Tuesday, 5 January, 2021
Monday, 28 September, 2020
At the beginning of January 2021 we are seeing a new strain of COVID that is highly infectious, strict new lockdown rules and, thankfully, the prospect of vaccinations helping us to overcome this pandemic.
I remain committed to providing notarial and legalisation services where this can be done safely and within Government guidelines. These services help people and businesses create legal documents for use overseas where travel is not possible and to comply with legal requirements.
Some notarial acts can be done remotely, for example where I am certifying a Companies House certificate. Many notarial assignments involves me physically witnessing someone sign a document. In most cases this cannot be done remotely, in part because most destination countries would not recognise it. I am offering notarial services provided that:
- I and my household are free from COVID-19 symptoms and not isolating.
- you confirm that you and your household are free from COVID-19 symptoms and are not isolating.
- face coverings, hand sanitising and social distancing can be maintained.
- Preparations can be done in advance by remote means.
I am currently seeing clients at my home in Gosforth (NE3) and not in Time Central. I will provide full details when an appointment is made. In exceptional cases I can witness documents being signed in other locations.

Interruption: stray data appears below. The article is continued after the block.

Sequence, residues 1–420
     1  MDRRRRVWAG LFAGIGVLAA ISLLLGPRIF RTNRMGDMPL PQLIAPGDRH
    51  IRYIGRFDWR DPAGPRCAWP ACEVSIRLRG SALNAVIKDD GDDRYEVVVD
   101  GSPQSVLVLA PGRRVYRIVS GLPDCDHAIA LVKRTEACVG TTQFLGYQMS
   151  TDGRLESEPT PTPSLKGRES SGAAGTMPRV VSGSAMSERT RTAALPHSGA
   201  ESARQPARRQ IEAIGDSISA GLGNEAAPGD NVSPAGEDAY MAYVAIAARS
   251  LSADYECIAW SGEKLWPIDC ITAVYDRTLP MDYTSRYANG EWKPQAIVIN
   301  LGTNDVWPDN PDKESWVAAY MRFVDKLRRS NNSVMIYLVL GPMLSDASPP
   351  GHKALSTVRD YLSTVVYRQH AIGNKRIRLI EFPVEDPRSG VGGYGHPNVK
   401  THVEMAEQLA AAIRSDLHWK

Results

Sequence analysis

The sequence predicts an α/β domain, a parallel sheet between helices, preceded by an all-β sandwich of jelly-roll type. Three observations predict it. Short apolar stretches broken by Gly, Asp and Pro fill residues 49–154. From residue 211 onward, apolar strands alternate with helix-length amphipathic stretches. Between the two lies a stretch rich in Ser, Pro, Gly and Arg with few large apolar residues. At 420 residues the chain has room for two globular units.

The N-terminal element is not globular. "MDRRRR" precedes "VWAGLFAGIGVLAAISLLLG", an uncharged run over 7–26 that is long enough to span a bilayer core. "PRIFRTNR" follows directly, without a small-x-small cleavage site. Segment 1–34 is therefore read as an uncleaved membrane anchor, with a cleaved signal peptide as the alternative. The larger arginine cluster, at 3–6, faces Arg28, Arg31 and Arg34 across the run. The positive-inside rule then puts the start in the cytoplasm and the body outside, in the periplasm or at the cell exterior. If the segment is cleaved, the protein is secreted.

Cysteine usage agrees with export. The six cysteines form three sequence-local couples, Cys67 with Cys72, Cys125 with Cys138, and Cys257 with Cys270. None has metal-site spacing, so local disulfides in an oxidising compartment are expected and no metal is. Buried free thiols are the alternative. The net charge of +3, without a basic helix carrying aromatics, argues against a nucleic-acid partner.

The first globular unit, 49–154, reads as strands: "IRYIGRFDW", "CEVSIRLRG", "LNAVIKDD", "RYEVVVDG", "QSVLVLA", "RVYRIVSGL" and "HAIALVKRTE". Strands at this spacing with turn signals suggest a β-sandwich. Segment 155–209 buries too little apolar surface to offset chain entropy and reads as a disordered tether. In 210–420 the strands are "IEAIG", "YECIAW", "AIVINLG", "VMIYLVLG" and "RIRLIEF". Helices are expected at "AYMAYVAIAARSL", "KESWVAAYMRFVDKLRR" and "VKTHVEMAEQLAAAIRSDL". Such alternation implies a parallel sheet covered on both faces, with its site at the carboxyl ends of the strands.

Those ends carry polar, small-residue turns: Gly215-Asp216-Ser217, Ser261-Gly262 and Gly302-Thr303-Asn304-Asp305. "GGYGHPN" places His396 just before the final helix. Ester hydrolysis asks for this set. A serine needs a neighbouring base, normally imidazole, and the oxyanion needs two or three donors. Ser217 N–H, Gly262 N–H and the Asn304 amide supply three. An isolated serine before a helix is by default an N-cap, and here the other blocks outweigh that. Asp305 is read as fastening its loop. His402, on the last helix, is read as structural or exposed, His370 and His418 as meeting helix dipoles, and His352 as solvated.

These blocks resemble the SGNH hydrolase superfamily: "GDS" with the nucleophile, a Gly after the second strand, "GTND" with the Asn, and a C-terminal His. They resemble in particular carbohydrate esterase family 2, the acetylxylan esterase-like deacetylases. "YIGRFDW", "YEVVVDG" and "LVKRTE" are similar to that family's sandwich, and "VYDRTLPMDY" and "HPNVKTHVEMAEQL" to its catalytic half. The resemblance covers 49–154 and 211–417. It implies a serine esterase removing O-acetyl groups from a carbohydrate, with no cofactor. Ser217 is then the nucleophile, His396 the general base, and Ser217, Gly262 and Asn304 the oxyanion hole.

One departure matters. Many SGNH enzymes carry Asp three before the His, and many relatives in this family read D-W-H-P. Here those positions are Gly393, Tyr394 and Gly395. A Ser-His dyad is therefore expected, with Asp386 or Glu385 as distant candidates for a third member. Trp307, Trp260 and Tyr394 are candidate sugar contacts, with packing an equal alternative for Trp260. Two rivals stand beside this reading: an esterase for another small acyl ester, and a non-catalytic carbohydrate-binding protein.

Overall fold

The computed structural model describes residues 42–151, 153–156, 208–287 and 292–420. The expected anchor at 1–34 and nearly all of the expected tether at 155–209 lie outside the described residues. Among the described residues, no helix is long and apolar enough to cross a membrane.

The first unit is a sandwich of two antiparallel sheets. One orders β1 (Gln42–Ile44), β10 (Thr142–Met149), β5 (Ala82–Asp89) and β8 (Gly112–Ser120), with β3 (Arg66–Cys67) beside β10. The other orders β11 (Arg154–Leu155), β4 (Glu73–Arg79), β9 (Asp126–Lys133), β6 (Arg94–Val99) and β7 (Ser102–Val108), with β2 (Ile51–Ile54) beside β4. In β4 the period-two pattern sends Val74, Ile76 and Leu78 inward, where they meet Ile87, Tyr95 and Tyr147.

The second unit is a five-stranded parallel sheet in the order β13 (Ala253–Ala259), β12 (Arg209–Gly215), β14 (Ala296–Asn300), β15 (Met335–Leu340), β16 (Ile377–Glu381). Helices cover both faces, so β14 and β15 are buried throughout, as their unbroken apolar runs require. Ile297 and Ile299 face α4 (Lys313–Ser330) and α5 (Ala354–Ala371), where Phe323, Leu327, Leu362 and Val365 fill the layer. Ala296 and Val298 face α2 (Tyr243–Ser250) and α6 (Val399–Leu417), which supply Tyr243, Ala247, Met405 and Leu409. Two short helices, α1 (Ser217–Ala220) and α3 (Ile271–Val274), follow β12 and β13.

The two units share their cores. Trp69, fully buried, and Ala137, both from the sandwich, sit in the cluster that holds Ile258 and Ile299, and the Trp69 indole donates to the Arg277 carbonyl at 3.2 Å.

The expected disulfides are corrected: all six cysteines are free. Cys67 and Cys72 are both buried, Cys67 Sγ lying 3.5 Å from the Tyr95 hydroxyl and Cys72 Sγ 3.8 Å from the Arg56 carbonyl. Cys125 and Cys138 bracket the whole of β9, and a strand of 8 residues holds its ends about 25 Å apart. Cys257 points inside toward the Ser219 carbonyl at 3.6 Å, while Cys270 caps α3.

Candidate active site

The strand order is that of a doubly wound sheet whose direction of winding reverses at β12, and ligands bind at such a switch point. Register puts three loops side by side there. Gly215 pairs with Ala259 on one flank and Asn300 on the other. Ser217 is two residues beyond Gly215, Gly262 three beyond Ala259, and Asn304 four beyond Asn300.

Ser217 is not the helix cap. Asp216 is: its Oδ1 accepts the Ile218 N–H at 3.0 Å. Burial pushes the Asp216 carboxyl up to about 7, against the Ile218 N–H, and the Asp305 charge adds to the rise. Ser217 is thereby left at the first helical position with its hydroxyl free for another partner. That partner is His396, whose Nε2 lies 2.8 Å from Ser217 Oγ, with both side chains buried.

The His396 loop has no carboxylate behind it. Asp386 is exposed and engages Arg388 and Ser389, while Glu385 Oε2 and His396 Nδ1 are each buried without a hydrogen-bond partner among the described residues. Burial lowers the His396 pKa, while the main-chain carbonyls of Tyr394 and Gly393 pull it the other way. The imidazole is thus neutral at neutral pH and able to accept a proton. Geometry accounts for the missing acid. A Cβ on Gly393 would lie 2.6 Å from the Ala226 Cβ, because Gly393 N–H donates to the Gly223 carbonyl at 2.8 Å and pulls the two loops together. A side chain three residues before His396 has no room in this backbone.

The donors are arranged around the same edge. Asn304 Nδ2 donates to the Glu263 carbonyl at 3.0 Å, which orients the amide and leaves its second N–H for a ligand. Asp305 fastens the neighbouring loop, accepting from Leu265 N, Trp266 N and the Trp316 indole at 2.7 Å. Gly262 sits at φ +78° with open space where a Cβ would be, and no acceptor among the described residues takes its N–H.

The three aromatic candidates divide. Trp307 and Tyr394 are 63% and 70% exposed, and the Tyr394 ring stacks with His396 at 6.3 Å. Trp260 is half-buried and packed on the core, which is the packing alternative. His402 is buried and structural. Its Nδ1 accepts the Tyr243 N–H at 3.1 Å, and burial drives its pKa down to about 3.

The Government’s Legalisation Office is currently open for the issuing of apostilles and is providing an excellent service within about a week. Many embassies and consulates are offering consular legalisation services, but this is taking longer than usual – typically two to three weeks. Some countries’ UK consulates have closed completely, for example the Chinese Consulate legalisation and visa service.
Please send me an email with your requirements and I will do my best to provide notarial and legalisation services if this is possible within Government COVID-19 regulations.
Thursday, 9 January, 2020
Documents that are authenticated by a notary public are almost always for use overseas. This raises the question of how to send them to the destination. The options are ordinary airmail, Royal Mail “Tracked and Signed” and courier services such as FedEx and DHL, which deliver to the addressee. If I am instructed to send a document overseas for a client, I will only use FedEx or DHL. This is because they reliable and fast. Sadly, each year a number of of my clients send their documents by some form of mail which fails to deliver and causes the client, delay, extra cost and sometimes consequences of missing a deadline. All systems are fallible, but the courier services very rarely fail to deliver and the cost is usually much less than having to repeat the document formalities.
Sunday, 15 December, 2019
Until recently, legalising a document for the Philippines was a two-step process, involving an apostille from the UK’s Foreign and Commonwealth Office (FCO) and then consular legalisation from the Philippine Embassy in London. The Philippines has recently joined 117 other countries with accession to the 1961 Hague Convention Abolishing the Requirement of Legalisation for Foreign Public Documents. Accordingly, documents originating in the United Kingdom that are going to the Philippines only require an apostille issued by the FCO.
Sunday, 15 December, 2019